Jane Austen and the English Landscape
by Mavis Batey
Jane Austen's novels in their quiet English settings have always been delightfully revealing about the early years of the nineteenth century and Regency England. They reflect the cross currents of 'Taste and Feeling' - the dilemmas of heroines when their well-established Georgian standards are confronted with challenging new romantic ideas and attitudes to society and the environment. The dilemmas are played out in landscaped parks and cottage gardens.
Landscape and landscaping were lively and often emotive issues during Jane Austen's lifetime and her letters and novels reflect the new ideas on Nature and the environment manifest in literature, painting, the picturesque discovery of Britain and landscape gardening. Although it was the poet Cowper's feeling for homely rural scenes which best suited her taste, Jane Austen took a great interest in fashionable landscape improvement and was beginning to come to terms with the new romantic attitudes to landscape in the writings of Scott and Byron. It was a time when every landowner was seeing what he could do to improve the view and lay out the shrubbery.
As Mavis Batey shows, Jane Austen's brother Edward was certainly influenced by Humphry Repton, the leading landscape gardener of the day, and his work for their cousin at Stoneleigh Abbey. Back at Chawton House there was much family discussion over closing footpaths and widening views. From her knowledge and enquiries Mrs Batey is able to reveal how these discussions relate to the writing of Mansfield Park and other novels. The book is beautifully illustrated both with photographs of the houses, landscapes, parks and gardens that Jane Austen knew and with the work of contemporary painters such as Constable, Turner and Stubbs.
There are also watercolours and drawings (many still in the family archives) of the same scenes and estate maps, plans and engravings from contemporary manuals on landscaping. Barn Elms has chosen a large format so that the detail in the delicate watercolours of the period can be seen to best advantage. The book is beautifully designed and elegantly set so that its scholarship may grace the library of every cultivated household.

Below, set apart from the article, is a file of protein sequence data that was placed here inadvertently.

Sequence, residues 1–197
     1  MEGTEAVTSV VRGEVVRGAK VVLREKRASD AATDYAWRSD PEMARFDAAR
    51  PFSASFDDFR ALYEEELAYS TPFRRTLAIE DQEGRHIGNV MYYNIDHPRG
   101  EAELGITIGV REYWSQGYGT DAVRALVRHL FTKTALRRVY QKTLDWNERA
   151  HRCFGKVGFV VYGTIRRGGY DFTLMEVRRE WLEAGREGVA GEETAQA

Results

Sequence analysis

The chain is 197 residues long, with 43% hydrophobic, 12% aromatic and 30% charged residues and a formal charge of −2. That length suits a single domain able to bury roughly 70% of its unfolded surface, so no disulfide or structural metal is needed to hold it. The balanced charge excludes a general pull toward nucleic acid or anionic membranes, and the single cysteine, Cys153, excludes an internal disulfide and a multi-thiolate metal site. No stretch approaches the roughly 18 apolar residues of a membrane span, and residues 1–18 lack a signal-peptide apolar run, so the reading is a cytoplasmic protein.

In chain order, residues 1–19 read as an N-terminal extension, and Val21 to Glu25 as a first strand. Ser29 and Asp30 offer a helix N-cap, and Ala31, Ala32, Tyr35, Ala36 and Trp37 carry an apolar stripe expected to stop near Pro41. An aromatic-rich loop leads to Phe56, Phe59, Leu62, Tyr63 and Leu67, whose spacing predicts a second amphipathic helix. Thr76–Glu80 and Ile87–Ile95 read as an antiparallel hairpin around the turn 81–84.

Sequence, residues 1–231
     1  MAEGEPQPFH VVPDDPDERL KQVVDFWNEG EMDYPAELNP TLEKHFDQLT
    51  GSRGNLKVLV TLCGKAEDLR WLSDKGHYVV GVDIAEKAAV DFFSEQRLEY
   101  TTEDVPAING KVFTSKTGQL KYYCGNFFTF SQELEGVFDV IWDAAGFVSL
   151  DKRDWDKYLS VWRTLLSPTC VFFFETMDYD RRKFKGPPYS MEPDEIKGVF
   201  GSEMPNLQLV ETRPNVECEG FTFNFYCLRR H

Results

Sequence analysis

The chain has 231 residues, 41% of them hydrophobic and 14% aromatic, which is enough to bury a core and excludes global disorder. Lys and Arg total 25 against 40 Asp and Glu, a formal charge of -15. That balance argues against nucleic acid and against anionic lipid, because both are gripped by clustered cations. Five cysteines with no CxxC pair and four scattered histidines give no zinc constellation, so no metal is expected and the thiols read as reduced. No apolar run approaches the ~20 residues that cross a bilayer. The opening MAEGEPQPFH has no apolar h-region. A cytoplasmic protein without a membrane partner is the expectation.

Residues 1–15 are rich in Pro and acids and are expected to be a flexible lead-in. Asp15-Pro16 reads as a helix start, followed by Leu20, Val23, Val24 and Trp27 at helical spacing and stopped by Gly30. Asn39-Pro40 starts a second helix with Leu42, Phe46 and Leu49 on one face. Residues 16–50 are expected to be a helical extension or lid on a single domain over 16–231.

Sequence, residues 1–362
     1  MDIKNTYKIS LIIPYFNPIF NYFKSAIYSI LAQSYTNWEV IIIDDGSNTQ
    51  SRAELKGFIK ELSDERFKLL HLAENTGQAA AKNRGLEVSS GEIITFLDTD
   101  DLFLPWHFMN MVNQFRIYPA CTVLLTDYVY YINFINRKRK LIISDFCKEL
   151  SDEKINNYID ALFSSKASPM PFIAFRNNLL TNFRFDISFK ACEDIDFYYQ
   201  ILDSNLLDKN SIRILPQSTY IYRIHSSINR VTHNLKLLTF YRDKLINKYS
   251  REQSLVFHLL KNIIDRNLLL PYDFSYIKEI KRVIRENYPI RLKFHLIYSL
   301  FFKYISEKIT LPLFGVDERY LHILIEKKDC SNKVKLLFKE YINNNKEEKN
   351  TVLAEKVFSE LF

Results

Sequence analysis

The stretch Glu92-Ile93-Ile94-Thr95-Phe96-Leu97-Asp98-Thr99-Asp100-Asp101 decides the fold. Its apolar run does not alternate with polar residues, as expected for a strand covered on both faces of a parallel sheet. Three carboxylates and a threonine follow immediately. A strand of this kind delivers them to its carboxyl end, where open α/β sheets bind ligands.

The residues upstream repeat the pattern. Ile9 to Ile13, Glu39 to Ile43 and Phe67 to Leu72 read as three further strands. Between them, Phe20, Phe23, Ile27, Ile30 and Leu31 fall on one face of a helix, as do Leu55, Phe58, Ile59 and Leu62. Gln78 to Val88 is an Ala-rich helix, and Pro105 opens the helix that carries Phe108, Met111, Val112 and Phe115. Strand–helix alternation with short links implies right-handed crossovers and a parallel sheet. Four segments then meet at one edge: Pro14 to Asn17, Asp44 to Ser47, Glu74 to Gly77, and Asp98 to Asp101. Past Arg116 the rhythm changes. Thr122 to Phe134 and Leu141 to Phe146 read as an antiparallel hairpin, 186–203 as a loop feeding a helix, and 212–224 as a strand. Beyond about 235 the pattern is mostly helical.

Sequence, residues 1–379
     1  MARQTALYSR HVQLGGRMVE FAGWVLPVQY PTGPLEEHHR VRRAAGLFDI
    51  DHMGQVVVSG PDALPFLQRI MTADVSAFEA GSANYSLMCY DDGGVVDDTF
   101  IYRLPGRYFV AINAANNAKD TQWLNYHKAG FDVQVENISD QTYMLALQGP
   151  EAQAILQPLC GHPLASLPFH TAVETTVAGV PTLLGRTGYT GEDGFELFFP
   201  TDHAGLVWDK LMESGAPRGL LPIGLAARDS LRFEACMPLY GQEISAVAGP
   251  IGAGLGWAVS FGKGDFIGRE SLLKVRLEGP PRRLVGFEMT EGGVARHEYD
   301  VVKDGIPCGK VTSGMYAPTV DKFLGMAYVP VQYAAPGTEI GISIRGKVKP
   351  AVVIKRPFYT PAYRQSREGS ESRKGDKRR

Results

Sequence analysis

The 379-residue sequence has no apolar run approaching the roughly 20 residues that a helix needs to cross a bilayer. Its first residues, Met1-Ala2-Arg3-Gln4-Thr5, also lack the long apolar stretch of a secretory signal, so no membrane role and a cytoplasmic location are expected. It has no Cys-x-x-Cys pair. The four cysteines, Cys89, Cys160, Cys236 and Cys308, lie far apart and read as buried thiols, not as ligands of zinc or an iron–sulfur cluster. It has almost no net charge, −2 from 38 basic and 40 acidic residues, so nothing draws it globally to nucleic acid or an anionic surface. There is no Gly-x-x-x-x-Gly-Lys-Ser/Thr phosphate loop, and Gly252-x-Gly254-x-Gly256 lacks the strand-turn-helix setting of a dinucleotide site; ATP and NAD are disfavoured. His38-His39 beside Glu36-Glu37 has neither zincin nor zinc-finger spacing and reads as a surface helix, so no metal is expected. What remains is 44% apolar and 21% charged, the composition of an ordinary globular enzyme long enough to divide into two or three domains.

About the Author: No one could be better placed to lead us through these landscapes than Mavis Batey, best known as President of the Garden History Society and active in the conservation of historic parks and gardens. She is the author of many lively books and has been a Jane Austen enthusiast all her life. She is a regular lecturer to the Jane Austen Societies of both Great Britain and the United States and her knowledge of Regency gardening is unparalleled. Recently she has been advising the new American owner of Chawton House on the restoration of the Regency landscape and was the BBC's natural choice as gardens adviser for their new production of Pride and Prejudice. Among her previous books are Oxford Gardens, The English Garden Tour (with David Lambert), Regency Gardens and the perennial favourite, Alice's Adventures in Oxford. Mavis Batey, President of the Garden History Society, has been a driving force behind the new discipline of garden history and a leader of the campaign to see the fragile fabric of historic landscapes and gardens firmly placed on the conservation agenda.
ISBN 1 899531 02 5
260 x 260mm
144 pages casebound
42 colour and 64 black-and-white illustrations